Empathy is the soul of design
There’s been a lot of attention to Jack Dorsey’s recent realisation that ‘users’ is a terrible term and that Square (but not Twitter it seems) should change the way it describes the people who use its products and services.
Great. I mean it. This is great.
‘Users’ is a terrible term. Designers and developers employ the word ‘users’ when they’re thinking of the idiots they have to pre-empt, work around, and otherwise fix things for. ‘Users’ is a hostile label, spat out by people who don’t shave below their jawline. I’m happy to see it go.
Replacing it with ‘customers’ is a step in the right direction, and I have to applaud Dorsey for taking that step. But it still doesn’t go far enough for designers. See, ‘customer’ is still primarily a commerce-based designation. Think of people as customers (it is better than consumers) and you’re thinking of their wallet first, and everything else a distant second.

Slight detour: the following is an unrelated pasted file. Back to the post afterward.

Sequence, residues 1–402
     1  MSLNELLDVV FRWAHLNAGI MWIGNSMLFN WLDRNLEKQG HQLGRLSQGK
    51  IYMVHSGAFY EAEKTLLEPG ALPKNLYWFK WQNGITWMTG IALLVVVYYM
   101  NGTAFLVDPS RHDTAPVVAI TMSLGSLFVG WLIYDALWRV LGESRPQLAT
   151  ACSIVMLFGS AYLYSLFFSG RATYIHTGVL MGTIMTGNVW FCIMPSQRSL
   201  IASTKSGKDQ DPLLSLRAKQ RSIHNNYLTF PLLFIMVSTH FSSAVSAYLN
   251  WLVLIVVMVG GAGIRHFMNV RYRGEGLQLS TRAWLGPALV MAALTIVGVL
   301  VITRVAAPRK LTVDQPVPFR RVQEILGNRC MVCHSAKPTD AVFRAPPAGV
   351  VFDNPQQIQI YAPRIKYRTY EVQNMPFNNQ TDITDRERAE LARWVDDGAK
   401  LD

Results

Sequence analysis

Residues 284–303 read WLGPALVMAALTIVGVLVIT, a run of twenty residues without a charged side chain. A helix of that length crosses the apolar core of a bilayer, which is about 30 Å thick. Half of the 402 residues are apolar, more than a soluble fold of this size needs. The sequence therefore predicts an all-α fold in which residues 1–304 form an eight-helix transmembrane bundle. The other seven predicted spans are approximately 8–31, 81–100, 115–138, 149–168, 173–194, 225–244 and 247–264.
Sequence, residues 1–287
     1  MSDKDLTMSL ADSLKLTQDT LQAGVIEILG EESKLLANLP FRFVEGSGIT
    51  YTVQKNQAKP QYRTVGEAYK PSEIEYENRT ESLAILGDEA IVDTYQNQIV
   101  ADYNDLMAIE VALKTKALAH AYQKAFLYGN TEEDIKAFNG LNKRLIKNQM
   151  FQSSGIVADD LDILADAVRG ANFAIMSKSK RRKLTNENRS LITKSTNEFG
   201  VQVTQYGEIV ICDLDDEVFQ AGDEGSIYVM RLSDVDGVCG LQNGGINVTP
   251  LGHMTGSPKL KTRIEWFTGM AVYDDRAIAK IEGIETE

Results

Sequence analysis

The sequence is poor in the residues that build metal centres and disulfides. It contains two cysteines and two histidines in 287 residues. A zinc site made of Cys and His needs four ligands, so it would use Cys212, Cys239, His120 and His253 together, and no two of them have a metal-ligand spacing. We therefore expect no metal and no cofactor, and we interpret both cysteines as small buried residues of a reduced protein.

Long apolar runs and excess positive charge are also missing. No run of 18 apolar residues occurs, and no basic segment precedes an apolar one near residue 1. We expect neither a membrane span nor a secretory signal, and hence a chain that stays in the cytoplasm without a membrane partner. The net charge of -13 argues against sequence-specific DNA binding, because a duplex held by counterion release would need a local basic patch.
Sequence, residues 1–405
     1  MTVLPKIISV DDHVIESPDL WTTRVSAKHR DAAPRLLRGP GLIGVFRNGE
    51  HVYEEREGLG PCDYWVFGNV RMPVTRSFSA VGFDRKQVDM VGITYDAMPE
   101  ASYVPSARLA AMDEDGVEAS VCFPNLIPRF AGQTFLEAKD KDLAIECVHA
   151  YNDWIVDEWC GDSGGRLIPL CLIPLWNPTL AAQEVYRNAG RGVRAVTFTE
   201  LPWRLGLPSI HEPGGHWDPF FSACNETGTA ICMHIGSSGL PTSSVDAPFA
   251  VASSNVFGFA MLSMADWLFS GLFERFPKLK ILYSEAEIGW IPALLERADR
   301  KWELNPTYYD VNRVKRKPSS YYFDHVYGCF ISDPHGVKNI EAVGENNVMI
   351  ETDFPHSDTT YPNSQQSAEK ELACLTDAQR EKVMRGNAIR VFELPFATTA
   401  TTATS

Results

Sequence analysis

I like to think of people as ‘people‘. Individuals with emotions, desires, dreams, needs, tastes, and probably pets. Don’t misunderstand me – I understand the will to shorthand. ‘Customers’ is a lot shorter than ‘people who use our products’, however it’s not as easy to empathise with.
This is important, because I can empathise with a person. Hell, I’m a person. Some of my best friends are people. I can put myself in the mindset of a person and build an experience that resonates for them. A customer, however? Well, nobody I know is a ‘customer’.
I realise that these might seem like distinctions without differences, but I can assure you they’re not. I also realise that using ‘people who ride bikes’ is more clumsy than ‘cyclists‘. But I guarantee you’ll be a better designer if you think of people as people, rather than customers. Or anything else.